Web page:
The setting is familiar: a wonderfully manicured field full of classic cars on the grounds of an opulent historic estate. Folding chairs have been set up in the shade so that owners can sit near their cars, and a fancy outdoor brunch has been set up for the well-heeled. Photographers and judges roam among the vehicles, interviewing the owners who are vying for top honors in the various classes. Definitely an automotive concours.

But something’s off. There’s an AMC Eagle parked next to a Chrysler Turbine Car, a pristine 1989 Oldsmobile Cutlass Calais sharing the field with a GM EV1 and a 1928 REO Speedwagon grain truck, and if I’m not mistaken, the Pierce Arrows are outnumbered by Ford Pintos. What’s more, several of the judges appear to be blind, if the red and white canes they carry are any indicator. Welcome to the 2015 edition of the Eyes on Design car show in Grosse Pointe Shores, Michigan.

Now in its 29th year, Eyes on Design takes to the grounds of the Edsel and Eleanor Ford House with a carefully chosen, extremely eclectic assortment of vehicles. Rather than concentrating on the classics-with-a-capital-C, Eyes on Design brings in vehicles based on aesthetic merit, with a focus on styling good and bad, and the trends that have helped to shape the industry since the beginning. As a result, the field of 250 cars represents a mix like no other. A car doesn’t have to be a recognized collectible to share the spotlight at this show.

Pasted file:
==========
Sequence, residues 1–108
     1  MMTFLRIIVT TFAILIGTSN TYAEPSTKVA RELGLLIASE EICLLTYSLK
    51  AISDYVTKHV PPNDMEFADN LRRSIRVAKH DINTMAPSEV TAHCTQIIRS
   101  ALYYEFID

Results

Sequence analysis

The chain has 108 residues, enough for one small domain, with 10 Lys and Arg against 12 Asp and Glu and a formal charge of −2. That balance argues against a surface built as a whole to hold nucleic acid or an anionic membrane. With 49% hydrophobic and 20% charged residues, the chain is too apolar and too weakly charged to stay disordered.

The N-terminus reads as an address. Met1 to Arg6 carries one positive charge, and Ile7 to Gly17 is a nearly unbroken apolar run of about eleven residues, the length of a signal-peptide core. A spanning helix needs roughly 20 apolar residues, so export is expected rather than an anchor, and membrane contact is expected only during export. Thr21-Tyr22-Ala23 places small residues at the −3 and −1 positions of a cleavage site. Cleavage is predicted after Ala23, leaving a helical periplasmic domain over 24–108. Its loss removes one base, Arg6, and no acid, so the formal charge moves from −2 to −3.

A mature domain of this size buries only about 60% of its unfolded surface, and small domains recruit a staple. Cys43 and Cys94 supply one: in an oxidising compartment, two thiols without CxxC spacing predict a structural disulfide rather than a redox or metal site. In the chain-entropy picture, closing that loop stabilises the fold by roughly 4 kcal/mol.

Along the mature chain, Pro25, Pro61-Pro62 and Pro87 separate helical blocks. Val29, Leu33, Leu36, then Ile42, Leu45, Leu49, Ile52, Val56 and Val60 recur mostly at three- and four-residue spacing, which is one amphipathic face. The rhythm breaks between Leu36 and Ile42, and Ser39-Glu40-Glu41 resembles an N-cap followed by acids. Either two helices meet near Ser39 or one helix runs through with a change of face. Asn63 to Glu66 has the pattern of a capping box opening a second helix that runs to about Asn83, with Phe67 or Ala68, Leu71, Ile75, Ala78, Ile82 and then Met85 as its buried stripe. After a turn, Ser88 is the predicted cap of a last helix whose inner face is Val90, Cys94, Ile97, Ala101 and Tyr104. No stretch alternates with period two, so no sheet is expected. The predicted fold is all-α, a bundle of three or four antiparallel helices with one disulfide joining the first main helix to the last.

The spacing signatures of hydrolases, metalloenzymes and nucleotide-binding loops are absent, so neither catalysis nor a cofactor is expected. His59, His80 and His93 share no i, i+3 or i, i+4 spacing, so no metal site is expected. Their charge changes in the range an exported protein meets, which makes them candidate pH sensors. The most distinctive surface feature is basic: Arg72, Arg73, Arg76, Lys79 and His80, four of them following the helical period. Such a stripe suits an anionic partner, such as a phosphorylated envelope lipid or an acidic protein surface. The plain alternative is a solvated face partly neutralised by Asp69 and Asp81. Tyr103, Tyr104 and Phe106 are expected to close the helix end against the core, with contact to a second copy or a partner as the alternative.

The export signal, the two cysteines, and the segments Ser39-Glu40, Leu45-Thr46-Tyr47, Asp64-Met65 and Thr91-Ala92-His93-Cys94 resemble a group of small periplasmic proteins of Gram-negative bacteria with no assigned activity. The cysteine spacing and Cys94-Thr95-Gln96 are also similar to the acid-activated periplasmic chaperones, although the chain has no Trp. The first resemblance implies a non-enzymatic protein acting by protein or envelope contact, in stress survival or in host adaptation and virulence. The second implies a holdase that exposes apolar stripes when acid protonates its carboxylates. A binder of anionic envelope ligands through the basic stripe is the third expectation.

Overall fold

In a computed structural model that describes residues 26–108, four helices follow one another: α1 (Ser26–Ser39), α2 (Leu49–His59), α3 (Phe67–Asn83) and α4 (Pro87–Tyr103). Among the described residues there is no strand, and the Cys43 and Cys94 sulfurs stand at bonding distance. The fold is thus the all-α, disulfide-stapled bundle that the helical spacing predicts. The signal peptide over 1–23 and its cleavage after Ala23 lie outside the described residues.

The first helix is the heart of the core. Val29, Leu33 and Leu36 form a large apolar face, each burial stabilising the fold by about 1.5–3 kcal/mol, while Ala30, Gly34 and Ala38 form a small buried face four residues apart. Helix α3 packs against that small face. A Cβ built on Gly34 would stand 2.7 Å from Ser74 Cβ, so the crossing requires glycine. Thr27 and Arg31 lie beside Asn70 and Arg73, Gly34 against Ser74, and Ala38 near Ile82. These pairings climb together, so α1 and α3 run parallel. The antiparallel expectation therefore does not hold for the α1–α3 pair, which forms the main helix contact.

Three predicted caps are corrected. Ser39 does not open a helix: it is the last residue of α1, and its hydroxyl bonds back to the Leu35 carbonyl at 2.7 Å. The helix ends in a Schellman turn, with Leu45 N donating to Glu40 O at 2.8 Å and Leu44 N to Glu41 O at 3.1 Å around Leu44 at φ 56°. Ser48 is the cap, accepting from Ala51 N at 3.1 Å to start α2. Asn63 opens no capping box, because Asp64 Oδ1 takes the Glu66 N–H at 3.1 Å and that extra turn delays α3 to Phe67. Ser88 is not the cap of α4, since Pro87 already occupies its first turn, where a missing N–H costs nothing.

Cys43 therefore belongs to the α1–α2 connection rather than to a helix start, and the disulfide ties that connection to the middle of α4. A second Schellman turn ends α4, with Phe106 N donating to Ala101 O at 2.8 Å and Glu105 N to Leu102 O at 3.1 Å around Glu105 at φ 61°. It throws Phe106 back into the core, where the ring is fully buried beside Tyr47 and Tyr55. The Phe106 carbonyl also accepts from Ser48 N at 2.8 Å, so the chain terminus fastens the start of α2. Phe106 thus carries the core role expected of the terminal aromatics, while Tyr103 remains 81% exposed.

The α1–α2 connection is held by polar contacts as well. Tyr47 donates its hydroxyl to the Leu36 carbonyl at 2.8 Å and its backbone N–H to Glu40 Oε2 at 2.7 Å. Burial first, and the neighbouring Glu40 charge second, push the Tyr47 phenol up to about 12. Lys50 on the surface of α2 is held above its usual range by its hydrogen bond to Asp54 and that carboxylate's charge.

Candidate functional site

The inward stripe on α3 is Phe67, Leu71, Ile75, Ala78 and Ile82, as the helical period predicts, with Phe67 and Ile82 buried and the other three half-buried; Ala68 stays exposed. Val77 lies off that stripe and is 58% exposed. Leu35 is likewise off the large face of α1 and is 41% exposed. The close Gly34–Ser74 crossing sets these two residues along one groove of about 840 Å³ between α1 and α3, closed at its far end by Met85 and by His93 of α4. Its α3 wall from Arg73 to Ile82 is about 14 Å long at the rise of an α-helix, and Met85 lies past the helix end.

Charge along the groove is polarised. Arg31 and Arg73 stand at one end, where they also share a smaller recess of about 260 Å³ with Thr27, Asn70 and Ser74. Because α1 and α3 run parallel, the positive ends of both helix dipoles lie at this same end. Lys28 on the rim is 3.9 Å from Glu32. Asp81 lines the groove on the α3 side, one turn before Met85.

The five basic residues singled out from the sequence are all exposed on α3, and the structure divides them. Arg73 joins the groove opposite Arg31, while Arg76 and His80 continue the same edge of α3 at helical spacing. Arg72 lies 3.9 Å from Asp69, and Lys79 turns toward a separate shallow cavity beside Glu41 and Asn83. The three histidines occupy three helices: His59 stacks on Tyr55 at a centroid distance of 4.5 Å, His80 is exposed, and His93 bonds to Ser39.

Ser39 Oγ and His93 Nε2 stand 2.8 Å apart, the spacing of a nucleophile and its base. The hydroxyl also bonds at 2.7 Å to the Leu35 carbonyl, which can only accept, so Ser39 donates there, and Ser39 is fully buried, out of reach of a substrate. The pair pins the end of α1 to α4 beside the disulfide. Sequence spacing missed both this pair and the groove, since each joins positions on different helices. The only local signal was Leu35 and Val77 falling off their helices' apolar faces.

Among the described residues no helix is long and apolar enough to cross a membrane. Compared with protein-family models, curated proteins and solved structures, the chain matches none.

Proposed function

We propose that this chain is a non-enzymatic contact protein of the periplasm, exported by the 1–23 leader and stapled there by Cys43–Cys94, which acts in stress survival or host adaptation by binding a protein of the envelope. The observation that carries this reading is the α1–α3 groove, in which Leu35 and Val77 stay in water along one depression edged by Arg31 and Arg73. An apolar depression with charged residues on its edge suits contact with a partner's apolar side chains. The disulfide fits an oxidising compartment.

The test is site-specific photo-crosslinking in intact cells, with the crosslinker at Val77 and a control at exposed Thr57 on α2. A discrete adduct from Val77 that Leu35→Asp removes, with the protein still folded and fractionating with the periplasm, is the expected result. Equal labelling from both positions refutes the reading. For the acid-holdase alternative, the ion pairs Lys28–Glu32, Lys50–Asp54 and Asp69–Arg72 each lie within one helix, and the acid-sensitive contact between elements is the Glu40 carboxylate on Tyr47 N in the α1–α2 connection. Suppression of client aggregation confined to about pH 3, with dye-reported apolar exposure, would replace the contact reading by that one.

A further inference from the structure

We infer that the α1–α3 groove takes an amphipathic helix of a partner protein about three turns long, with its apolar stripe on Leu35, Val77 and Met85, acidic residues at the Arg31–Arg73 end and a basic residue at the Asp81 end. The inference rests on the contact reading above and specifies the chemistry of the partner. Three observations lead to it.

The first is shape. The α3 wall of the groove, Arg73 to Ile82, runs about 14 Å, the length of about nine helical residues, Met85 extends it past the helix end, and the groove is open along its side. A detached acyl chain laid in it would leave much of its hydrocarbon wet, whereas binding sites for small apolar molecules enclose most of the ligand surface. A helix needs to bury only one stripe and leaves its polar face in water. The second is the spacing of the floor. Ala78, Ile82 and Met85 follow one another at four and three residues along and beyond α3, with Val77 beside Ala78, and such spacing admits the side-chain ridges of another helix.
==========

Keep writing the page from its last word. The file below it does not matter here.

Eyes on Design benefits the Henry Ford Health System’s Department of Opthalmology, and adds a unique twist to the typical show-car judging system. The show brings in a number of vision-impaired vehicle judges in addition to the standard automotive experts. The white-gloved special judges choose cars based on tactile styling merits, treating the cars as three-dimensional sculptures.

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This year’s main theme was "House Style," as the show turned its attention to the unique styles imparted to various manufacturers by the design studios. Comprehensive collections of cars showed off the evolution of the signature styles exhibited by several manufacturers from the 1940s through the 1970s, highlighting the work of lead designers like Harley Earl, Raymond Loewy, Virgil Exner and others. Ford, General Motors, Chrysler, Studebaker, Pininfarina, Jaguar and AMC were all featured.

This is one of the events I look forward to every year. Check out the gallery of cars that made me smile, and get a feeling for Eyes on Design’s unique approach to the car as art.

Emmy Jackson
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